Hydrological Research Bonaire
Fresh water on the semi-arid Caribbean island of Bonaire is scarce as groundwater is generally brackish (electrical conductivity 2,000 to 4,000 μS/cm) and, apart from the spring at Fontein, there are no perennial streams and springs. Until the 1960’s the drinking water supply of the island relied on a few fresh wells. Now drinking water for the 12,000 inhabitants is produced from desalinated seawater. Local people still use groundwater for relatively salt tolerant crops like maize and for goats in addition to rainwater harvested in reservoirs (tankis) during the rainy season which lasts from October to December. This form of subsistence farming has turned into a marginal activity as most people are employed by governmental organisations, tourist sector and local industries.
New initiatives for horticultural activities and tourist attractions have revived the interest in groundwater. The government of Bonaire, local entrepreneurs and the environmental organisation STINAPA requested the Acacia Institute of the Vrije Universiteit Amsterdam (VUA) and the Ecological Management Foundation (EMF) to carry out a hydrological reconnaissance study on Bonaire to get insight in the general hydrological processes on the island.
In November and December 2004 a field research was carried out on Bonaire. During this field research a well survey, meteorological and geophysical measurements were carried out. Based on this field research and literature a water balance was set up. On average about 5% of the annual 470 mm of precipitation recharges the groundwater (6.5 million m3/year), while 10% runs off to sea. Due to the high rates of evaporation and salt particles in the air the rainwater that reaches the soil is slightly brackish. The salinity of the groundwater shows great variations in space and time, both in the volcanic sediments, as well as in the (karstified) limestone terraces.
Most of the wells are brackish due to high evaporation amounts of the precipitation. Locally increased amounts of infiltration cause wells to be fresher. While on the other hand at other places wells are more saline due to the pumping of deeper saline waters, or due to high amounts of evaporation from surface ponds.
Groundwater use in the volcanic Washikemba formation is limited by the small permeability of the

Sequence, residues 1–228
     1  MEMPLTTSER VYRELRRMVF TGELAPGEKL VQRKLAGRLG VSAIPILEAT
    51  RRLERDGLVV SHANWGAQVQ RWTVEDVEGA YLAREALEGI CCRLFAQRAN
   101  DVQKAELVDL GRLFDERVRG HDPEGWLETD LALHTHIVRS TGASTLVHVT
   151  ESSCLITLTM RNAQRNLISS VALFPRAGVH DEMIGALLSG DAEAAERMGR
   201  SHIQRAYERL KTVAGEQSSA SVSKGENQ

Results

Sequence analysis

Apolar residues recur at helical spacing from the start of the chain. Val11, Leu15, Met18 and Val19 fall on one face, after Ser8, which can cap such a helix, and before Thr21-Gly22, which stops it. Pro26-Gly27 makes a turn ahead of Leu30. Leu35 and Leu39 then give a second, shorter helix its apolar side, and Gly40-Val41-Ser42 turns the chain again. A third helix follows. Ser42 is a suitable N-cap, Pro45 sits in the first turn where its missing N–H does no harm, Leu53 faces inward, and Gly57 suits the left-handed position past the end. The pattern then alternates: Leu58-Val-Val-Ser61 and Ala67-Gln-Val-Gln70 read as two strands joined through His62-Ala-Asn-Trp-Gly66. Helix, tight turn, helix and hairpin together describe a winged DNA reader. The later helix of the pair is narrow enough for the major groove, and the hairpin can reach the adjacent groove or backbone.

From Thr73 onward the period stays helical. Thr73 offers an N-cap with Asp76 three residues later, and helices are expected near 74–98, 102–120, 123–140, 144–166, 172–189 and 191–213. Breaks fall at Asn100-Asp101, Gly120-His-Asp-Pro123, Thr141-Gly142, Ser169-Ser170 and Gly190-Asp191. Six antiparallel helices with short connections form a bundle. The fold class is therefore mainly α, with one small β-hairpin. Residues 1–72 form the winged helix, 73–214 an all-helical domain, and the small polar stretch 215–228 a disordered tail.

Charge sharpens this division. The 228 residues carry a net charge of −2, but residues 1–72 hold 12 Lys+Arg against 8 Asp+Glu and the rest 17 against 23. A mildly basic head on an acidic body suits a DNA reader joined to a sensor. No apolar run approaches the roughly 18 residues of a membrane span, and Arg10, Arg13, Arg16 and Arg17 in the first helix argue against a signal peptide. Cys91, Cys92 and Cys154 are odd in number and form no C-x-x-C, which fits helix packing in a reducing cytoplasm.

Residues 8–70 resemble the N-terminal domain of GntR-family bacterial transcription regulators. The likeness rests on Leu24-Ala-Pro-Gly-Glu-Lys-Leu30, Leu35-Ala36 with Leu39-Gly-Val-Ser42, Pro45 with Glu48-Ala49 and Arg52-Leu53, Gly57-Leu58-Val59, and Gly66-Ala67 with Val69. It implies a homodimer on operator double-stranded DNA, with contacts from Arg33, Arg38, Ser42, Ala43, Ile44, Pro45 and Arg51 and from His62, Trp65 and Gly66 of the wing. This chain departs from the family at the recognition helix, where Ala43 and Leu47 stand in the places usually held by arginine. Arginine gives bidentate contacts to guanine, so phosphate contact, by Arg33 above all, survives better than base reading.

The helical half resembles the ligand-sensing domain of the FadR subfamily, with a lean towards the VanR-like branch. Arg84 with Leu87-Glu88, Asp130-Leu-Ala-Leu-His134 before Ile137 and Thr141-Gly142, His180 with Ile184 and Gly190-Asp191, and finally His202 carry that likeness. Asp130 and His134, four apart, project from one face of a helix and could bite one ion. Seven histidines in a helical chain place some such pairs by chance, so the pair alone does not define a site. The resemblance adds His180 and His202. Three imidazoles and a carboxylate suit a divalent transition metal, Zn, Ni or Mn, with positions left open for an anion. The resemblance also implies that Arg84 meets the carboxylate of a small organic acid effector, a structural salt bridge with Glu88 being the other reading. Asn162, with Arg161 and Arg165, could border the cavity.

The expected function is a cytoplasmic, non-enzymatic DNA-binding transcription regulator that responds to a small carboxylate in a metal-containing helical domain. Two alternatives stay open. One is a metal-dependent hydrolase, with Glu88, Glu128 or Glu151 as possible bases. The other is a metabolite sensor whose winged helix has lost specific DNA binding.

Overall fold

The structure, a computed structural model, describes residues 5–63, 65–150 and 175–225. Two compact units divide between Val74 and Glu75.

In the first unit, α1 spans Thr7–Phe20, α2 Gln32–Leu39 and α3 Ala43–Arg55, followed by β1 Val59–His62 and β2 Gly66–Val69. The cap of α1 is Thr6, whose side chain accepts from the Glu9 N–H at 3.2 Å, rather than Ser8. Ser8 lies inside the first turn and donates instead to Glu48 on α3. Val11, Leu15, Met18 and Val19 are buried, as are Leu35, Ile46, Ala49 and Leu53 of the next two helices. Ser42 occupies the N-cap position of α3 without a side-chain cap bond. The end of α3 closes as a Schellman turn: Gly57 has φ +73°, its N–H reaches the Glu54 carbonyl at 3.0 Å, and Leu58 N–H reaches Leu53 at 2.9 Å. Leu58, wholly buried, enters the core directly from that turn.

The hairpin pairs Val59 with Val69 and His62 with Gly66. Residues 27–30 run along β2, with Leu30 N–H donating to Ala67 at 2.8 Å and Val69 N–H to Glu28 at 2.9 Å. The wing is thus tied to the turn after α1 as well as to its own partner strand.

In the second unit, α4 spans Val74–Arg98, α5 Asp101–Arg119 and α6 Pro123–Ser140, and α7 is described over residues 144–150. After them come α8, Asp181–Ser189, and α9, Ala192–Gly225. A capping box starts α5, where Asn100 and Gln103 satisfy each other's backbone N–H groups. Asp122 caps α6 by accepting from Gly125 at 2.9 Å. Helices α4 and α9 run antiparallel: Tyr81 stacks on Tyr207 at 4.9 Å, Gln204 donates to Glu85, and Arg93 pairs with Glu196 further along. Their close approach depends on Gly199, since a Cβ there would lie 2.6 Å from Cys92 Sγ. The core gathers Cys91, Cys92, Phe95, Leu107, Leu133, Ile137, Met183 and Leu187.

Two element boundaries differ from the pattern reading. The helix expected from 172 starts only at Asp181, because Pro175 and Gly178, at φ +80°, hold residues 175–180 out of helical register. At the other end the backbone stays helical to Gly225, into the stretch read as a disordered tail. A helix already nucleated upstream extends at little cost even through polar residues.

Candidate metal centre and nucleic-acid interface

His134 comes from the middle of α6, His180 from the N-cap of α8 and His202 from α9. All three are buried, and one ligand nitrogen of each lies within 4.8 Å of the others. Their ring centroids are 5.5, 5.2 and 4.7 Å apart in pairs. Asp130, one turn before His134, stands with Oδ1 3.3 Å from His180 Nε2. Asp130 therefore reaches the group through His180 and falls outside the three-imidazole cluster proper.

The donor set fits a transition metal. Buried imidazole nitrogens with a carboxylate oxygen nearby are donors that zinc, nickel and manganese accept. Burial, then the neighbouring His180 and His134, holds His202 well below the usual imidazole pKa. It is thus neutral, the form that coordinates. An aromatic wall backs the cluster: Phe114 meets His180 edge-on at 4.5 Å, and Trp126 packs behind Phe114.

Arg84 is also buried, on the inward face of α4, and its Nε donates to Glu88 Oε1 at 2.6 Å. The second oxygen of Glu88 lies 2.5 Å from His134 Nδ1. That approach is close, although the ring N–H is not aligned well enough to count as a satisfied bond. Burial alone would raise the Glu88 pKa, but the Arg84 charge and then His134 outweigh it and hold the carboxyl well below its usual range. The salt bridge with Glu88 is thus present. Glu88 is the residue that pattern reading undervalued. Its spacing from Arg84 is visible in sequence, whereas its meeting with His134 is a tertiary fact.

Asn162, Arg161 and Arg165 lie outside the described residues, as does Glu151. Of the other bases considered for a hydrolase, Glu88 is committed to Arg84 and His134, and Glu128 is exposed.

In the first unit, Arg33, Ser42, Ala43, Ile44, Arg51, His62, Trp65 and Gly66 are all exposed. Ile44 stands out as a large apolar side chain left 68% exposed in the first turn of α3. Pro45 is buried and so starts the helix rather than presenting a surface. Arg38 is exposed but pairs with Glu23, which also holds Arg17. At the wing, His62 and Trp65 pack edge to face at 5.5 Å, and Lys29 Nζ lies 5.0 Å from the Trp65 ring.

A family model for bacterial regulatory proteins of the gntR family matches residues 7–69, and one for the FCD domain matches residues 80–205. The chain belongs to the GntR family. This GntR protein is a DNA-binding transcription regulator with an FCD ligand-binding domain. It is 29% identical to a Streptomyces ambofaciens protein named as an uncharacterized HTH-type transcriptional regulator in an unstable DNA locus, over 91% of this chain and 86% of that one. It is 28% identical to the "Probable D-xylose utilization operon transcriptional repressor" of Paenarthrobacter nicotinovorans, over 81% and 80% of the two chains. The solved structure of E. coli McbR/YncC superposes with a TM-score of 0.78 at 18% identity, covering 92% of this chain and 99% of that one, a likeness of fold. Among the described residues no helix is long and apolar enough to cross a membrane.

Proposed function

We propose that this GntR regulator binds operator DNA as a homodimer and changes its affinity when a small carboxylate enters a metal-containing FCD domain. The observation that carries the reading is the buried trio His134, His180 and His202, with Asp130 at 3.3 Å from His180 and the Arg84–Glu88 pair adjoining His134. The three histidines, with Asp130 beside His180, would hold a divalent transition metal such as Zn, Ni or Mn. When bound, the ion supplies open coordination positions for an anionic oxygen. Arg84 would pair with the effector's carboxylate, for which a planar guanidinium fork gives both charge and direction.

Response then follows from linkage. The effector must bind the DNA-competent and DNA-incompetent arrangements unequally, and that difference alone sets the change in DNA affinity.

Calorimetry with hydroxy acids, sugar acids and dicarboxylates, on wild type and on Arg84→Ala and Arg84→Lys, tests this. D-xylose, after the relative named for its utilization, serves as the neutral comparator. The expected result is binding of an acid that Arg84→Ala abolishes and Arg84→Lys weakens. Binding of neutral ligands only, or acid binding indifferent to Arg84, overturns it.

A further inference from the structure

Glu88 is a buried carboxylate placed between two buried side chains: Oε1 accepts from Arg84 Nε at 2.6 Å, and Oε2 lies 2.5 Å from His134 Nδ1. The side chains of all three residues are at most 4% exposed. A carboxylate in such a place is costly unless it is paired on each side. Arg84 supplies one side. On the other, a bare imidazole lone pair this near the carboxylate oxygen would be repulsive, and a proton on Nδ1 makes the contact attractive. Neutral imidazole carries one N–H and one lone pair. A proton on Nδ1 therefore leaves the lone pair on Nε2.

material and the relative high salinities of the water. Near tankis or dams, where increased infiltration
takes place water of better quality may be found. Exploitation of groundwater in the limestone
formation is possible by applying a series of small wells or a horizontal gallery (tunnel). As the geology
varies locally exploration studies should be carried out on a detailed local scale.
Geophysical measurements carried out in this study, showed that local differences in salinity and
bedrock conditions for groundwater exploration can be measured with geophysical methods. However,
the number of soundings was too small and the spacing of the soundings was too large to indicate
favourable zones for groundwater exploitation.
Groundwater quality and quantity can be improved by retaining more rainwater. This will also decrease the amount of damage due to sedimentation to the coral reefs and will decrease the water nuisances caused by rapid runoff of rainwater. Building and maintaining dams and improving the vegetation cover by controlling grazing are ways to retain more rainwater.
More detailed research, including the monitoring of groundwater levels and quality over a longer period will give a better understanding of the groundwater system.
In general the problems on Bonaire require careful planning of land and water use, starting with an identification of the most critical areas. A geographical information system (GIS), as created for this project, can assist both governmental organizations and future research projects by making the information more available.